Landscape and water's edge Photographers and snakes

Discussion in 'Landscapes, Architecture, and Cityscapes' started by Doug, Apr 8, 2007.

  1. Doug

    Doug

    Jan 17, 2006
    East TN
    Have you ever been concerned about being surprised by snakes? Particularly poisonous snakes?

    I'll admit that I have a snake phobia. I just don't like em! I do not like any snake, whether poisonous or not, and not knowing where they can be at is a continuous concern. It's one of the three things that concern me most about being out on the trails. The other, I can't do much about, bears and boars.

    But stepping over a black snake on Monday burrowed into the grass, next to a wall above a creek in the Smokies, my phobia was heightened. I say he was black, he was likely black, no markings, just a black body. I did not see the snake until I was a straddle him, looked down and saw 6-8 inches of black body. I started high stepping it carrying my D2X mounted to a tri-pod!

    I began thinking about leather chaps maybe, as protection against snakes, and wearing boots any time I am in the wild. Am I being to cautious here, or am I thinking smart?

    I came across this site for starters, and they seem to be the snake bite prevention authorities for lower leg and even full leg protection.

    http://www.snakeboots.com/

    I'm seriously considering some chaps or lower leg wraps for when I venture off the pavement for any length of time at all, want to go down to water's edge, or walk through ditchlines, or even fields.

    I read that something like 90+% of all snake bites occur around the ankles. With boot's and calf protection, I think we narrow our chances of getting snake bit by a GREAT amount as long as the protection is able to stop the snake's fangs.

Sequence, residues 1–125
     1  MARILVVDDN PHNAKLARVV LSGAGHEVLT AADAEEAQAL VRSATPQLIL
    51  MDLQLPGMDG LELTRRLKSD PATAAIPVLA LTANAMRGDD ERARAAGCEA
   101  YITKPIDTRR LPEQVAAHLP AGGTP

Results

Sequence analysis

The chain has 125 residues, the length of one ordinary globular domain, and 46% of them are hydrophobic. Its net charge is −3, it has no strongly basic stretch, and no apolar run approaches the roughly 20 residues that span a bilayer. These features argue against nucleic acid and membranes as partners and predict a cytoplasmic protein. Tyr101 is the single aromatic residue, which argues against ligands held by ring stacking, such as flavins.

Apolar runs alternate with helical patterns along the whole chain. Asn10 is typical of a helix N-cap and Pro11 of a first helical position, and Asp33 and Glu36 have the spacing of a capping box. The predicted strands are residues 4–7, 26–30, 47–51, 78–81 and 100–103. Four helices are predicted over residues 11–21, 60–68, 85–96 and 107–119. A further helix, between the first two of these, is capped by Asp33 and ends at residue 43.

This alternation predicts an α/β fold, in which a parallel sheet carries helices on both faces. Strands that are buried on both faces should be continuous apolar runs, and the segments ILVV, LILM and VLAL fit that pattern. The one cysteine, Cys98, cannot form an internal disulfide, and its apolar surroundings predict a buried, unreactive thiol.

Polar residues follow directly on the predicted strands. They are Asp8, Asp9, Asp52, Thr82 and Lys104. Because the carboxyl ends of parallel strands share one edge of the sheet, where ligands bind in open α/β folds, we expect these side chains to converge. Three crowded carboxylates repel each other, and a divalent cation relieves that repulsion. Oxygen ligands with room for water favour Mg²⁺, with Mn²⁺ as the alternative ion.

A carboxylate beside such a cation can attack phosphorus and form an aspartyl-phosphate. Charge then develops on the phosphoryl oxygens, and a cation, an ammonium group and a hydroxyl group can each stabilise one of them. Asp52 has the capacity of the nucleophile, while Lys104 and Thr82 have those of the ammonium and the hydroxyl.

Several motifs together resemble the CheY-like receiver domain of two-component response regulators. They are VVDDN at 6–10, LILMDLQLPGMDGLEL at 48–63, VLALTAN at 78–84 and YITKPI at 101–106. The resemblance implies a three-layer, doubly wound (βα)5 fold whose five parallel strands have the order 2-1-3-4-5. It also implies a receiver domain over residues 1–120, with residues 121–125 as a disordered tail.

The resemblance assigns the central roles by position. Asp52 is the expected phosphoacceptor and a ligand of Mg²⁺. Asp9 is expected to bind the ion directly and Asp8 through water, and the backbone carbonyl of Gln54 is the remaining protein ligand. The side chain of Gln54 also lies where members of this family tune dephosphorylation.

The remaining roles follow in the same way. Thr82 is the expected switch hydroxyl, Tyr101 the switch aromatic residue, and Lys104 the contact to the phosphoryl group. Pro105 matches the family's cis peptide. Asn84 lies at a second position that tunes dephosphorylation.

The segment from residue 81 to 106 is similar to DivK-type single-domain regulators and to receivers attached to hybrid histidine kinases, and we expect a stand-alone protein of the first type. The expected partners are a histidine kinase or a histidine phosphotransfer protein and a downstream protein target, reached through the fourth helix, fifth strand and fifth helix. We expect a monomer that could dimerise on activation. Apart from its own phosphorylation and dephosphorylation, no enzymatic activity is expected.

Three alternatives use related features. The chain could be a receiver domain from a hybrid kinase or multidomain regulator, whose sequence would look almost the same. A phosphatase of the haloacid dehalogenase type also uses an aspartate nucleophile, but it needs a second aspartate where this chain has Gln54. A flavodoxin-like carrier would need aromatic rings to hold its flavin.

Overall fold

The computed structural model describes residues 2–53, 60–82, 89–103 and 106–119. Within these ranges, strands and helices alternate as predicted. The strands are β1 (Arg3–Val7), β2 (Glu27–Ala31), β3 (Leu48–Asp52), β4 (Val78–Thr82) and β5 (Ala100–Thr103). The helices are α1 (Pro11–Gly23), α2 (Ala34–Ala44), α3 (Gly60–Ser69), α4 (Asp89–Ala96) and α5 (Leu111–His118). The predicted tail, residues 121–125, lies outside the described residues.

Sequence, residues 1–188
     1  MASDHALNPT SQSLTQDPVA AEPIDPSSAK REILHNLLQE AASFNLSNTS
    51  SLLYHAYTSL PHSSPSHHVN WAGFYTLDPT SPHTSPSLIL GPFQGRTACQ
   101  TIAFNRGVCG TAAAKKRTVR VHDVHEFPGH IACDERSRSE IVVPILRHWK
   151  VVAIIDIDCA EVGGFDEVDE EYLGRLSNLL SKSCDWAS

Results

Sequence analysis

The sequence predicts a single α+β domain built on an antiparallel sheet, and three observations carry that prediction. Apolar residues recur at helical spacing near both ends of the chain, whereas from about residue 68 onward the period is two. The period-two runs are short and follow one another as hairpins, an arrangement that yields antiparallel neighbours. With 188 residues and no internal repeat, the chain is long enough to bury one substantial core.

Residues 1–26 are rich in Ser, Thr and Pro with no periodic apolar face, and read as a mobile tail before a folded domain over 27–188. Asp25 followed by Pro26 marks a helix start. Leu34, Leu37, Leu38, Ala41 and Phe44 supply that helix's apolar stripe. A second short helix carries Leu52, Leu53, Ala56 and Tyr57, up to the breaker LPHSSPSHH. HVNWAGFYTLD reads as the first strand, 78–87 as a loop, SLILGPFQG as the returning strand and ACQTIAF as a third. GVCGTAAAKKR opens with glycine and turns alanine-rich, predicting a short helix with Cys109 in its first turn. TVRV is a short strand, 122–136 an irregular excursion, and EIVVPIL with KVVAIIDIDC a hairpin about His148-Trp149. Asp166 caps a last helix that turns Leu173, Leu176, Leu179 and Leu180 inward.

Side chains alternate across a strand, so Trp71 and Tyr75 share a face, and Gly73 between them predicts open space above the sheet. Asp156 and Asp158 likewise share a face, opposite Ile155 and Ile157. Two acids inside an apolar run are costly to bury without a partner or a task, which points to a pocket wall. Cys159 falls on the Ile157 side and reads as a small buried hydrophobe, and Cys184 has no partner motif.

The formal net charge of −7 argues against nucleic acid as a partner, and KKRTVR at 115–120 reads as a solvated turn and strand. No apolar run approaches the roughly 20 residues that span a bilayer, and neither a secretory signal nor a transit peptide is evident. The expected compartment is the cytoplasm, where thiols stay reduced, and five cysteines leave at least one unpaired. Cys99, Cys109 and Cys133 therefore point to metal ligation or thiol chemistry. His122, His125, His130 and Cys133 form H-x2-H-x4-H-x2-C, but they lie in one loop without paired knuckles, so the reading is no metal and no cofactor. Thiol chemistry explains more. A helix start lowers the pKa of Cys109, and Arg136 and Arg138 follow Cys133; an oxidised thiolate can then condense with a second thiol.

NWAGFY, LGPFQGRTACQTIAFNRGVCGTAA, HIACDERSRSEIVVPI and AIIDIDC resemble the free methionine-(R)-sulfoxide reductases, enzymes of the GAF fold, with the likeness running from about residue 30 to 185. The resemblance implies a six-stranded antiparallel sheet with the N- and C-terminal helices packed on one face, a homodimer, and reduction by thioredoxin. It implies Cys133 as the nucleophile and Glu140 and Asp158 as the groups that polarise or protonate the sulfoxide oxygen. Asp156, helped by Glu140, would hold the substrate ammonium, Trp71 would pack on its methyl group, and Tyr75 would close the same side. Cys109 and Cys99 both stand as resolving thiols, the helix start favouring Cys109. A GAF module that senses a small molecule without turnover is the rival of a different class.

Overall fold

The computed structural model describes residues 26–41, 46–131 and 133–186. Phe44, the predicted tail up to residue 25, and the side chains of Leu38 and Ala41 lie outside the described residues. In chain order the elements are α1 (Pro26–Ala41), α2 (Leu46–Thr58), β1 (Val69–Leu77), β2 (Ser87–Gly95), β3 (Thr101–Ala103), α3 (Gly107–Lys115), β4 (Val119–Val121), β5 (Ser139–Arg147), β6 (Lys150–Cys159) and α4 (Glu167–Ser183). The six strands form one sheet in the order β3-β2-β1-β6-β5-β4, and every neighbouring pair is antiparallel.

Anybody else take protective measures? I think I know of at least one that seems to have some snake boots... How about you? Have I struck a nerve?

    Doug
     
  2. rbsmith

    rbsmith

    Apr 13, 2005
    Saltillo, Ms
    I have worked in the woods and in swamps for 30 years. I have always worn tennis shoes or low cut hiking shoes. I have never had a close call that I knew of. But my son was struck on the boot last year. After seeing several in a short time, we bought snake chaps. They now set in the office unused until the next time we have some close calls. They are just too uncomfortable.
     
  3. Doug

    Doug

    Jan 17, 2006
    East TN
    ok, there's one opinion on chaps. thanks Rex.
     
  4. MurphyD

    MurphyD

    469
    Jan 17, 2007
    South Texas
    Decades ago, when working in the sandy, desert-like West TX oil patch, part of my job was to go up to the wellheads and beat on the tires that were put in place for erosion. The tire beating was to get the rattlers on the move. I wore boots w/ heavy leather tops. The old hands told me to dispose of boots with bites because the toxin in the boots could rub and enter the blood stream through a cut or scrape. I didn't really believe them.
    Lots of guys wore the chaps and they worked too. I felt more comfortable the THICKER and TALLER the leather was, so that's how I vote.
    David
     
  5. Doug

    Doug

    Jan 17, 2006
    East TN
    Yikes, there's a job I wouldn't apply for!

    So, you have an appreciation for my fears at least.

    We do have Eastern Diamond Back's and Copperheads in our mountains, so the threat is real, even if not as dramatic as parts of TX.
     
  6. wbeem

    wbeem

    Feb 11, 2007
    Sanford, FL
    William Beem
    I'm like you. Snakes, I don't like 'em. Just last Friday I was walking on the side of my house with a cable guy to look at a way to lay down the line and he suddenly jumped back into me. A black snake slithered his way into my neighbor's woodpile.

    Fortunately, the black snakes around here are harmless. Most snake would rather avoid you than strike you. Even rattlers are not prone to attacking people. If you hear that rattle, just give him room to escape and it'll be over. The only snakes I know that just like to come at you are water moccasins and coral snakes. We have both here in Florida.

    That said, I've never donned special gear for being near water's edge. I'm cognizant of places where snakes are likely to hide & fester and try to avoid those patches of reeds, brush, etc. I also make a lot of noise so they know I'm coming and have a chance to hide or slip away.

    If I were going in the water in some swampy area, I'd probably get some waders or something. Better yet, a kayak or canoe. Of course, I've had snakes swim after me when I was fishing in a rowboat before. Like I said, those water moccasins will just swarm after you. Nasty disposition.